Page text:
Skip to main content

Tampa Bay Buccaneers

Flat Stanley Comes Home

Four Buc players recount the exciting journeys of their adopted friend Flat Stanley to the local students who originally sent Stanley on his way…Plus, Quarles gives keynote speech


FB Darian Barnes recounts the adventures he had with Flat Stanley in his hometown of Toms River, New Jersey

When you stand six inches tall and weigh less than three ounces, your chances of making an impact on the Tampa Bay Buccaneers are about as thin as you are.

But, hey, sometimes the scouts are wrong. Take the case of one Flat Stanley.

Even though his game lacked, well, a certain dimension, Flat Stanley, formerly of Mrs. Beth Fairweather's first-grade class at Bellamy Elementary School, beat the odds and became a big contributor to the Bucs' Super Bowl Championship season last fall.

Just after Tampa Bay's season-opening loss to the New Orleans Saints, Flat Stanley arrived at One Buccaneer Place and quickly earned a place in the hearts of several Buccaneer players and staff members. Just like that, the Bucs rolled off five consecutive victories.

No media guide handy? Here's a quick bio on the Bucs' in-season addition:

Flat Stanley is the title character in a book by Jeff Brown. In the book, Stanley Lambchop is a normal boy until a bulletin board falls on him and flattens him like a pancake. Stanley soon finds out that there are advantages to "squashedness." Expensive plane fare to California, for instance? No problem. Stanley can fit comfortably into a brown paper envelope and take a 37 cent stamp cross country.

Stanley, you see, doesn't let his profile-challenged body stop him from living life fully.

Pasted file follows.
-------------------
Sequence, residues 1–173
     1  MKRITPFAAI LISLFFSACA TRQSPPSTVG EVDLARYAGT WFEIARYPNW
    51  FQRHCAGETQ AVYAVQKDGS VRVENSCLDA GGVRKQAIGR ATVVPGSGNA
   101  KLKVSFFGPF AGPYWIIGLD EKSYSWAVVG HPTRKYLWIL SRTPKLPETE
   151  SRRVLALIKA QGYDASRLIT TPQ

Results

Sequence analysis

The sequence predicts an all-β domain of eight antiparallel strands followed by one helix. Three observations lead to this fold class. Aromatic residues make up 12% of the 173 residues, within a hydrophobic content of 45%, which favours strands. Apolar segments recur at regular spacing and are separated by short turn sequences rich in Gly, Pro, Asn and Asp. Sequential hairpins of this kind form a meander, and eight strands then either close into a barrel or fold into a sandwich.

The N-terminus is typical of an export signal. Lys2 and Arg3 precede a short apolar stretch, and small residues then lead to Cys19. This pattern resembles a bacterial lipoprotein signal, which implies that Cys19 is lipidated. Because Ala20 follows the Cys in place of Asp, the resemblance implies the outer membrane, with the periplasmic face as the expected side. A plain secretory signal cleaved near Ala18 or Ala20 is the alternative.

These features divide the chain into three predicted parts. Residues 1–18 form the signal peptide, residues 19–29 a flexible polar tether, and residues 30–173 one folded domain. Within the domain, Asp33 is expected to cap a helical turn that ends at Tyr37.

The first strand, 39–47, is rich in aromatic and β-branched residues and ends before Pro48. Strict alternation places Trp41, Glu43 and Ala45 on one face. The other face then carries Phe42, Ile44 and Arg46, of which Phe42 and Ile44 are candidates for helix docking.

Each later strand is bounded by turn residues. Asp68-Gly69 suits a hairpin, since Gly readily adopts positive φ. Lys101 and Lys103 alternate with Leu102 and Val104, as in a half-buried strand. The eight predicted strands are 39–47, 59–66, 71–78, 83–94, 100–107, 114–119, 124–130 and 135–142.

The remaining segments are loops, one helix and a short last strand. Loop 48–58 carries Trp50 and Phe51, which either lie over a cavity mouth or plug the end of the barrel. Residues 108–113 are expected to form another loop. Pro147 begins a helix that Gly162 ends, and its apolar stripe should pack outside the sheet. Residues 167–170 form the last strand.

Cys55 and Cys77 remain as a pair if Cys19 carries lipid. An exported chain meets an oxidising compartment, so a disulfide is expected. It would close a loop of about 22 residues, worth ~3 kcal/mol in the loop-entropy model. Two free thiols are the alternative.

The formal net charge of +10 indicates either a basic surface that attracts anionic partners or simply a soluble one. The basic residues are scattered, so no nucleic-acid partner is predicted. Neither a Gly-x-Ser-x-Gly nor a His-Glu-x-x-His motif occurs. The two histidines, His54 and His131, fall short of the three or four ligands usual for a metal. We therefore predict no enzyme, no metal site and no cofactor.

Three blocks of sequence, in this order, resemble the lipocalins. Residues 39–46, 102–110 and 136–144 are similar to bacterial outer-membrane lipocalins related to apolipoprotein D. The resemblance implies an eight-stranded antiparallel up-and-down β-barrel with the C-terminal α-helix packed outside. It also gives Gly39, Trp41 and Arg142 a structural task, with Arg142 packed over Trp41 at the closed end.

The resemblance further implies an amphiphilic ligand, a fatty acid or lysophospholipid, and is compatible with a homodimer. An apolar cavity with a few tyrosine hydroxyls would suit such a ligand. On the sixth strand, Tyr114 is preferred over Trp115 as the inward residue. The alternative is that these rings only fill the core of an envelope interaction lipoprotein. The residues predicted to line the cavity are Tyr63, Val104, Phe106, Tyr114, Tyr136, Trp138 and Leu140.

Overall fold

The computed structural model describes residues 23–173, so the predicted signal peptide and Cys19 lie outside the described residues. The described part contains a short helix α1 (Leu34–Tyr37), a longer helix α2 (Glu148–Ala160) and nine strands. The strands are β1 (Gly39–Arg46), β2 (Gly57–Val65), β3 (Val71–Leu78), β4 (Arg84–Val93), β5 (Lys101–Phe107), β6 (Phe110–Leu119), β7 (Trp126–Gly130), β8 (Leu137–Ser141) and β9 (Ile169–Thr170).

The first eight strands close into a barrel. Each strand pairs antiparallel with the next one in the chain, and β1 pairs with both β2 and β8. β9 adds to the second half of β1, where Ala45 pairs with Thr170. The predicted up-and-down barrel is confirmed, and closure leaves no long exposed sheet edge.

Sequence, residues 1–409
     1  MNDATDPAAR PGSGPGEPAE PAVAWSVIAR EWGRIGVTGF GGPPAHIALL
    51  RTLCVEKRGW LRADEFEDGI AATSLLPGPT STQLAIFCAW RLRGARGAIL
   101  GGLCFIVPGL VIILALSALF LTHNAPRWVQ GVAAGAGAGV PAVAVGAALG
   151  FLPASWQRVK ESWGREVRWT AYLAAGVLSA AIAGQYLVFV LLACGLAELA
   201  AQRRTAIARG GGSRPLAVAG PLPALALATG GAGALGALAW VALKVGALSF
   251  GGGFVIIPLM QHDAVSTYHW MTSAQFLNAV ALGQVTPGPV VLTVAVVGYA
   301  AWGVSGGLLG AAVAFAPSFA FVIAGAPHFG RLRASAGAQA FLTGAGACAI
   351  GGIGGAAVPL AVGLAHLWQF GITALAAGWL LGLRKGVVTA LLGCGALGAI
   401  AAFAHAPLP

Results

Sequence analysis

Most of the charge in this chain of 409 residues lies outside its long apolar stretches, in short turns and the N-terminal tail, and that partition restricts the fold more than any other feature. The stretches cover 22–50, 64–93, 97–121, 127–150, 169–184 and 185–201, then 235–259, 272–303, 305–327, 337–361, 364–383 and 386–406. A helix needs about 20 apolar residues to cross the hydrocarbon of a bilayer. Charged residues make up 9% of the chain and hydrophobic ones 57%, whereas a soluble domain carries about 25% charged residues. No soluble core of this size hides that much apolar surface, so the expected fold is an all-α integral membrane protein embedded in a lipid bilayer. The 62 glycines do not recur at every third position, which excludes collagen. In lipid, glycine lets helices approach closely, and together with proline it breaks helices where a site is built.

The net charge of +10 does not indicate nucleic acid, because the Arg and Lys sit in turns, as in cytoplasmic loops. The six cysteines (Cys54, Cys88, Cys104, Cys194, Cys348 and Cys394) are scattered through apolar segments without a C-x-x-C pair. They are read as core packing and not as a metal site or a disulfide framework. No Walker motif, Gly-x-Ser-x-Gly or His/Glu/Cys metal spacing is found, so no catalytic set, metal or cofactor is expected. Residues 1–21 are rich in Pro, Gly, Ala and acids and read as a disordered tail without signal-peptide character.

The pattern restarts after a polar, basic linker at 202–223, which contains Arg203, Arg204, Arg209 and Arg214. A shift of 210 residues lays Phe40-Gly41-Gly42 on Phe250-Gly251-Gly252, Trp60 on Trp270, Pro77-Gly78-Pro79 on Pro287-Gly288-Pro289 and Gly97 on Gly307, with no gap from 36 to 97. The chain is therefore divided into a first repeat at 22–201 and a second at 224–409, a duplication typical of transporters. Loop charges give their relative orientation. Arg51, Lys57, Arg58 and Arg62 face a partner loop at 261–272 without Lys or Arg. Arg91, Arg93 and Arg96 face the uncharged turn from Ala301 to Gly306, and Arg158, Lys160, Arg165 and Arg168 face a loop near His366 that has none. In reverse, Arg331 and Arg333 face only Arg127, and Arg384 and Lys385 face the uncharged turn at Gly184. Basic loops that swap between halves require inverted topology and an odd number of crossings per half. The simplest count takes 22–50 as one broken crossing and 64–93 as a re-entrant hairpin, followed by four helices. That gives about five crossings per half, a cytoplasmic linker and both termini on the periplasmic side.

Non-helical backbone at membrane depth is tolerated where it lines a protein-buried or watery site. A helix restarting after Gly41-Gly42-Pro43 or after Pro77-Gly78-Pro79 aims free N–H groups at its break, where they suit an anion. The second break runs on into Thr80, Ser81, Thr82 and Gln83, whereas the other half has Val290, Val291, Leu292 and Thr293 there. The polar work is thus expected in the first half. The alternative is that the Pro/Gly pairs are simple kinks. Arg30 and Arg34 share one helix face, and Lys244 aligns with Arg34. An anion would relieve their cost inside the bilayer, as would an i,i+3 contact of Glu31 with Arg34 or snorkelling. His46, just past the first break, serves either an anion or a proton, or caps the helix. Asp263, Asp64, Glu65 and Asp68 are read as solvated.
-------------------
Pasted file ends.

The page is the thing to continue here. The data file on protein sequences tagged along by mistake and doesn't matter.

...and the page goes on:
Brown sends Stanley on many adventures in the course of his book, and classrooms around the country have done the same by mailing a cutout of the character to various people and places and asking for Stanley's experiences to be documented. Ms. Fairweather's Stanley found a home in the Bucs' locker room, which soon took him on escapades around the United States.

During Stanley's tenure with the Buccaneers he spent time traveling with the team, bulking up in the weight room, learning about the different jobs at One Buccaneer place and, of course, bringing the Buccaneers some of his good fortune.

"Flat Stanley was a good luck charm for us this year," said linebacker Ryan Nece. "As soon as he came around, we started winning. And in sports you get a little superstitious, so we didn't want to let him go, and then we won the Super Bowl. We may even have to ask if we can have him back for next year."

After traveling with the team and learning about life in the NFL, Flat Stanley has spent a good portion of this off-season hanging out with Nece and teammates Darian Barnes, Jermaine Phillips and Corey Smith. Stanley's travels have corresponded perfectly with Ms. Fairweather's class' school year, and the students who sent him on his journey have shared vicariously in the thin man's thrills.

It got even better on Tuesday when Flat Stanley's four Buccaneer friends showed up in Ms. Fairweather's classroom.

"They were excited just knowing that Flat Stanley was out with the Bucs," said the Bellamy teacher. "They really got into the Buccaneers this year and once they won the Super Bowl this year they went ecstatic. For the team to come and show them that Flat Stanley was a part of it was icing on the cake."

The result was a very interesting geography lesson, as the Buccaneer players had taken Flat Stanley to their various hometowns and other spots around the country since the season ended.

Flat Stanley's adventures began with Barnes, where they spent time relaxing with the fullback's friends in his hometown of Toms River, New Jersey. "We hung out at the IHOP quite a bit," said Barnes. "Stanley likes his Rooty Tooty Fresh and Fruity breakfast."

Flat Stanley then flew to San Bernardino, California to spend time with Nece. The linebacker took Flat Stanley to Hollywood, where they hung out with Wile E. Coyote and the Road Runner.

"Flat Stanley knew everybody," said Nece. "I knew some of the stars, but Stanley knew everybody and everybody knew him. He is one of the most famous guys on the planet."

Following his Hollywood escapade, Stanley flew back across America to spend some time in the Peach State with Phillips. In Georgia, Phillips and Flat Stanley had several adventures, visiting Six Flags, dining at Chuck E. Cheese's and seeing the hit movie "Daddy Day Care".